Properties of Determinants |
† The value of the determinant is not changed by changing the rows into columns and vice versa. |
† If 2 rows or columns of a determinant are interchanged, the sign of the determinant changes but numerical value |
remains the same. |
† If any line of a determinant is passed over p parallel lines, the resultant determinant is (-1)^{p}Δ. |
† If any 2 rows or 2 columns of a determinant are identical, the determinant vanishes. |
† The determinant that is left by canceling the row and column intersecting at a particular constituent is called the minor |
of the constituent & is denoted by the corresponding capital letter. |
† If the constituent of any row or column are multiplied with minors of the constituents of some other row or column and |
summed up with alternating plus and minus sign, the result is zero. |
† Co-factors are equal to minors in magnitude but may be of same or opposite sign according to the constituent whose |
co-factor is being calculated is brought to top left hand corner by even or odd movement of |
† If each constituent in any row or in any column is multiplied by the same factor, then the determinant is multiplied by |
that factor. |
† If each constituent in any row or column consists of 2 terms, then the determinant can be expressed as the sum of 2 |
determinants. |
† If to each constituent of a line of a determinant are added or subtracted the equi -multiples of the corresponding |
constituents of one or more lines, the determinant remains unaltered. |
† If ant rth line has been altered by means of sth & t th parallel lines,then sth & t th lines cannot themselves be altered by |
means of rth line, but we can use the rth line to alter all other parallel lines except the tth and sth line. |
† If the constituents of a determinant which involve x, are polynomials in x and if Δ = 0, when a is substituted for x, then |
x - a is a factor of the determinant. |
Properties of Matrices |
• A matrix of order n x m obtained from a matrix m x n by interchanging its rows and columns is called TRANSPOSE |
of original matrix. Transpose of transpose of a matrix coincides with the matrix. |
• Upper triangular Matrix-- A square matrix of order n x n is called upper triangular matrix if its elements a_{ij} = 0 for |
i > j for all i and j ranging from 1 to n. Thus an upper triangular matrix has non-zero elements only in the upper triangle |
above the principal diagonal whereas all the elements in the lower triangle are zero. |
• Lower triangular matrix--Similarly if all the elements in the upper triangle of a square matrix are zero, it is known as the |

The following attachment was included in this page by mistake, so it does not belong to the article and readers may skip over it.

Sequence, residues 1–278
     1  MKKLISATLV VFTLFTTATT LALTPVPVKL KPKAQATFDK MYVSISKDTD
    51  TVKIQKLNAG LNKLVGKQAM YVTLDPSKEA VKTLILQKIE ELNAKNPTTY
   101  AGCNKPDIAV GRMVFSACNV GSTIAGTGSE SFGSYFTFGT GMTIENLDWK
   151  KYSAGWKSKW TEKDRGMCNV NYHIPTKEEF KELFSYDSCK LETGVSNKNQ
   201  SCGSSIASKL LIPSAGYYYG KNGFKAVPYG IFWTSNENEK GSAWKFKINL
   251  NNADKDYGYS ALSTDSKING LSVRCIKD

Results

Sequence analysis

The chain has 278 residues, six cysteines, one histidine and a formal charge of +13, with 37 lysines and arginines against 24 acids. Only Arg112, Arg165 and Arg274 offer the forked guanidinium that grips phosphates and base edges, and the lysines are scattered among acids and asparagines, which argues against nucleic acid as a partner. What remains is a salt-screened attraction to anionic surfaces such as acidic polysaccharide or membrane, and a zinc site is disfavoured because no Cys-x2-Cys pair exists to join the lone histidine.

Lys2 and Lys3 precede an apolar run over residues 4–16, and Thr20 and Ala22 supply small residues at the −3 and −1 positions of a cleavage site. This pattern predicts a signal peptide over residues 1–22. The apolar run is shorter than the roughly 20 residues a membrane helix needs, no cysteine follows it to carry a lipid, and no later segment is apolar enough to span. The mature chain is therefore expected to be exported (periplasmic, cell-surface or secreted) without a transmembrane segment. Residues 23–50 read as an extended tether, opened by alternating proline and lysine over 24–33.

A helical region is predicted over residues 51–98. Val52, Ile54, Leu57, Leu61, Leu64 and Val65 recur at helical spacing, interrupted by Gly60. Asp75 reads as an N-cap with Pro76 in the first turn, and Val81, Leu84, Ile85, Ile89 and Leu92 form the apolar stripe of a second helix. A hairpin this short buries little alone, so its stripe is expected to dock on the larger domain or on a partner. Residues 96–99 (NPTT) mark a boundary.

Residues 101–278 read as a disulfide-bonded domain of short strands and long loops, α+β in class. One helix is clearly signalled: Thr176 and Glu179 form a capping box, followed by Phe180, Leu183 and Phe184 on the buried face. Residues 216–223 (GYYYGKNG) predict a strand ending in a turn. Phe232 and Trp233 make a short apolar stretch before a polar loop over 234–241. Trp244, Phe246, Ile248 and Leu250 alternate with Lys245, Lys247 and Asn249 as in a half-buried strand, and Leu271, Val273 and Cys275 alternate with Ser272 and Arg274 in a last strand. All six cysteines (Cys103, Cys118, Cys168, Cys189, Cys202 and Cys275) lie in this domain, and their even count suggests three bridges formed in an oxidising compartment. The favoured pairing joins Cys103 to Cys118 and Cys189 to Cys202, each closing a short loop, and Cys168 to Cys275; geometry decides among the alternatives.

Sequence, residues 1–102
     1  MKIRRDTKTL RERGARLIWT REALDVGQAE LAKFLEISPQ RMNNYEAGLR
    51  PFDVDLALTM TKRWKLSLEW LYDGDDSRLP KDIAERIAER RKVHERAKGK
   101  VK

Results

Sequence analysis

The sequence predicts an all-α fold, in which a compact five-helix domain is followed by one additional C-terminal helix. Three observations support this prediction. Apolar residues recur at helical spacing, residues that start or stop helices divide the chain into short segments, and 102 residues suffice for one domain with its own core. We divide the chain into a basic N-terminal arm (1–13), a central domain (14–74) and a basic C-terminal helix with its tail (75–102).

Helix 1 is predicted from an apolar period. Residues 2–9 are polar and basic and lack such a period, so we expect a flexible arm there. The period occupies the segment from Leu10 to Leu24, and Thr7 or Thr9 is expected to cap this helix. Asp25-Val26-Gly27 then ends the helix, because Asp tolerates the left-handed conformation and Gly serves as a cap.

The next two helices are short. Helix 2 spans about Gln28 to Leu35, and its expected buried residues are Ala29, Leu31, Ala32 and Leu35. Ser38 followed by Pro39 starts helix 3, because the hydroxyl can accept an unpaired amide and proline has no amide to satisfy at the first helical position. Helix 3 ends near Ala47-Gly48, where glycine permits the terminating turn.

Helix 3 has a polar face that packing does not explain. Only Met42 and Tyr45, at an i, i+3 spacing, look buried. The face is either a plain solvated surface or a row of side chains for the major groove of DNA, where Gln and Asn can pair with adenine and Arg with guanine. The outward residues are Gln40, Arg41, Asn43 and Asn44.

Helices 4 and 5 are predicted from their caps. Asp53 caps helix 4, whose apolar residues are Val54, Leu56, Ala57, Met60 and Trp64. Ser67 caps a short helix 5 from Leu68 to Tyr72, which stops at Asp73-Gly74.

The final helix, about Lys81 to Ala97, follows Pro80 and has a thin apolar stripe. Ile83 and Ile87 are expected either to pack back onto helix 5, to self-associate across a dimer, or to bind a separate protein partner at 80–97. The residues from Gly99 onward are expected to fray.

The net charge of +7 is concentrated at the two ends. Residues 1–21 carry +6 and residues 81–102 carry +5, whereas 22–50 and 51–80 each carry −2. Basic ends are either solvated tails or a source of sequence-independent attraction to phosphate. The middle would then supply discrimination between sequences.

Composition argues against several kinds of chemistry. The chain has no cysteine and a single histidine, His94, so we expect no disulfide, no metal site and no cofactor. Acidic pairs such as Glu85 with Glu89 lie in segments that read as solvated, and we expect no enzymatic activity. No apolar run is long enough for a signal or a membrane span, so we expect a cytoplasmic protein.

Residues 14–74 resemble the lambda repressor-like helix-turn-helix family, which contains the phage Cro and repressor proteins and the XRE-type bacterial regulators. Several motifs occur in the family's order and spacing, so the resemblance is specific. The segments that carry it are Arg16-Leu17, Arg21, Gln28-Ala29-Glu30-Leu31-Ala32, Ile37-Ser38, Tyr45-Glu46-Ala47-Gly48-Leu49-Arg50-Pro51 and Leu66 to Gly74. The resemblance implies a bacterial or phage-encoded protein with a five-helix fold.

lower triangular matrix. It has non-zero elements only in the lower triangle below the principal diagonal. |
• Diagonal Matrix-- A square matrx of order n which is both upper triangular and lower triangular is called diagonal |
matrix. A diagonal matrix is one all of whose elements are zero except those in the principal diagonal. |
• Scalar Matrix -- A diagonal matrix all the diagonal elements of which are equal to a scalar quantity, say λ, is called a |
scalar matrix. |
• Unit Matrix-- A scalar matrix with each diagonal element equal to unity is called a Unit Matrix. |
• Periodic Matrix-- A square matrix A for which A^{k+1} =A, is said to be a periodic matrix and the least positive value |
of k satisfying this relation is called the period of this periodicity. For exa, A is a matrix with a11=2,a12=-2,a13=-4 |
a21=-1,a22=3,a23=4,a31=1,a32=-2,a33=-3, then A*A = A. So here k=1 & hence A is a matrix of period 1. A |
matrix of period 1 is called idempotent matrix. If for a matrix A, there exists a positive integer p such that A^{p} = 0, |
, then A is called nill-potent matrix & p is called nill potency.Exa- A is a matrix with a11=1,a12=1,a13=3 |
a21=5,a22=2,a23=6,a31=-2,a32=-1,a33=-3, then A^{3} = 0 or null matrix. A is therefore a nill-potent matrix with the |
index of nill potency equal to 3. |
• Symmetric matrix-- A square matrix is said to be symmetric if it is unaltered by interchanging rows & columns, |
a_{ij} = a_{ji} |
• Anti-Symmetric matrix-- A square matrix is said to be anti-symmetric if its sign is changed by interchanging rows & |
columns,,i.e a_{ij} = -a_{ji} |
• Conjugate of a Matrix- When the elements of a matrix are complex, then a matrix whose elements are complex |
conjugates of A is called Conjugate of A. |
• Conjugate Transpose of A -- Conjugate of the transpose of a matrix A is called Conjugate Transpose of A & is |
denoted by A† |
• Hermitian Matrix : A square matrix conjugate transpose of which coincides with the matrix itself is called Hermitian |
matrix. A square matrix conjugate transpose of which coincides with the matrix itself but with negative sign is called |
Anti-Hermitian. Determinant of a Hermitian Matrix is real. |
• Unitary or Orthogonal Matrices :- A square matrix is said to be unitary if its inverse is equal to its conjugate transpose. |
A real unitary matrix is called Orthogonal matrix. |
• Adjoint of a Matrix--Adjoint or Adjugate of a matrix is the transpose of a matrix whose elements are cofactors of |
corresponding elements of the given matrix. |
•Soln of Cubic
Equation : x^{3} +a2x^{2}+ax+a0=0 is (x-z1)(x^{2}
+kx+l)=0 where k =a2+z1 ; l= -a0/z1 ; Once 1 of the roots are found out,
the rest are easy.
p=a1-(a2)^{2}/3 ; q=2(a2)^{3} / 27 - a2*a1/3 + a0 ; Δ= q^{2}/4 +p^{3}/27 ; If Δ < 0, there are 3 real roots ; if Δ =0 . one root is different & 2 other roots are same & if Δ > 0, there is only one real root. |
Trace of a matrix is invariant under similar transformation i.e. B =S^{-1}AS where B is a diagonal matrix . |